Pregnant and Traveling: What You Need to Know

Pregnant and Traveling: What You Need to Know

Traveling while pregnant can present a lot of unique challenges, but it is generally safe as long as there are no known concerns. The ideal time to travel during your pregnancy is the second trimester. By this point, you have most likely passed the morning sickness phase of the first trimester and have not yet reached the fatigued state of the third trimester. Chances are that you may not find your favorite brand of ice cream when the craving hits, but with a little advance planning, everything else should fall into place. Here are some helpful tips to keep in mind when you are planning your pre-baby vacation.

Check in with your doctor

This tip may seem obvious, but you should always discuss any travel plans with your doctor before buying the plane tickets. Your doctor knows your history and can assess your pregnancy to determine any risk factors you may face during your travels. Most doctors advise against travel after 32 weeks, because you may end up delivering in a strange place with an unfamiliar doctor. However, there are many scenarios where traveling after eight months is permitted. It may be a good idea to keep a copy of your prenatal records and/or relevant ultrasounds with you, and make sure to bring along your obstetrician’s number should you need it.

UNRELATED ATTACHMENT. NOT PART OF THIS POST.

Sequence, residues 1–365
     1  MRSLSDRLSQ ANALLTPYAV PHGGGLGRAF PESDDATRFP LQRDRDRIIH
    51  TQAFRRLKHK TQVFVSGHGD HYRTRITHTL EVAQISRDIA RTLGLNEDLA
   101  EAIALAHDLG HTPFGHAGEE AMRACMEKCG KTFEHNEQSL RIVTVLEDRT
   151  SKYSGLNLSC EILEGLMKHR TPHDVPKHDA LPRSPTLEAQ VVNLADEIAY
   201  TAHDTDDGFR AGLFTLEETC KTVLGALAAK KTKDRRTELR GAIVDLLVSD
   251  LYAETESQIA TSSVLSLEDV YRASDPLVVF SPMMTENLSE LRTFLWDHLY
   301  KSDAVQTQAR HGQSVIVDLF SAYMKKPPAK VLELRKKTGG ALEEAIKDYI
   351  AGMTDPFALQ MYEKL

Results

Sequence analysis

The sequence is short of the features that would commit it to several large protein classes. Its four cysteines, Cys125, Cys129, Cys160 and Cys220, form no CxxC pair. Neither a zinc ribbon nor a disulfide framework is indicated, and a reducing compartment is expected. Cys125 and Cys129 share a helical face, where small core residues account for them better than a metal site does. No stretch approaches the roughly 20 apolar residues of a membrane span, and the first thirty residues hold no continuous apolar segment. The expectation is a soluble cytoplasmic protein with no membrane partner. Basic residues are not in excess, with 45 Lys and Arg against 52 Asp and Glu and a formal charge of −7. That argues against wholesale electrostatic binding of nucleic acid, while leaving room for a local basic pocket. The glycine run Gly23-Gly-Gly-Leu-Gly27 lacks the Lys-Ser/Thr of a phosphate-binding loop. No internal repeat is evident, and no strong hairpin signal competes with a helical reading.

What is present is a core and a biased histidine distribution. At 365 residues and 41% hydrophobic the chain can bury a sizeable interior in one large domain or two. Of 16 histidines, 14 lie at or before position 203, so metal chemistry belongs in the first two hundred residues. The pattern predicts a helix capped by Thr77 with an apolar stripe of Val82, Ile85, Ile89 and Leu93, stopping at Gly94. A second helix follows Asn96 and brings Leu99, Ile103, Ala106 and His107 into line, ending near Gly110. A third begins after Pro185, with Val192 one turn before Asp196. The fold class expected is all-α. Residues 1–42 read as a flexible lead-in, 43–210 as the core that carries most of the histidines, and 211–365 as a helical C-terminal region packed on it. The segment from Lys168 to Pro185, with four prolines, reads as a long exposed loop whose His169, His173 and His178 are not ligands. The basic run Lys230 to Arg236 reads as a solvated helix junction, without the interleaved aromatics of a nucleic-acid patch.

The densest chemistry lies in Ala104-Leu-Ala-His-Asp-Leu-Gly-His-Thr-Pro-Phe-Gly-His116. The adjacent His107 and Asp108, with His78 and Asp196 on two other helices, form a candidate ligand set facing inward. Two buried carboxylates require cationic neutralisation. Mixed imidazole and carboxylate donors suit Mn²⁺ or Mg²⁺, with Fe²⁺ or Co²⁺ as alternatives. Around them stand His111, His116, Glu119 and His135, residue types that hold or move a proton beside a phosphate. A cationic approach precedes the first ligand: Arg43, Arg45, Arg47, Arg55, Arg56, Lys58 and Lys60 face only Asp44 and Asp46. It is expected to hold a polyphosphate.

Consider buying travel insurance

Pregnancies can be unpredictable, especially when it comes to determining the exact date your little one will make their grand entrance. Studies show that less than 5% of babies are born on their due date, so you may want to consider buying trip insurance to ensure that you are covered if you have to cancel for any reason.

Research any potential risks you may face at your desired destination

One of the main concerns regarding international travel while pregnant is that you may be exposing yourself and your baby to disease. Currently, there are many parts of the world where the Zika virus is endemic, causing a great deal of risk for your unborn child. Take the necessary precautions to avoid any exposure to Zika, or change your destination all together if Zika is prevalent in your destination area. There are also other diseases that are rare in the U.S. but common in other countries. Talk to your doctor about any immunizations or medications you may need to protect yourself from danger

Make the best of your plane trip by:

  • Getting up to walk around every hour
  • Dressing comfortably
  • Bringing your own snacks
  • Requesting an aisle seat for easy bathroom access

Tips for eating in foreign countries:

  • Drink plenty of bottled water
  • Make sure the milk is pasteurized
  • Avoid fresh fruits and vegetables unless they have been cooked or can be peeled
  • Make sure all meat is cooked completely
  • Bring your prenatal vitamins and favorite snacks with you

If you are planning on traveling to an exotic location, contact the CDC or the knowledgeable team at Travel Vaccines and Wellness Solutions to ensure that you have all of the safety information you need to have a safe and relaxing trip.

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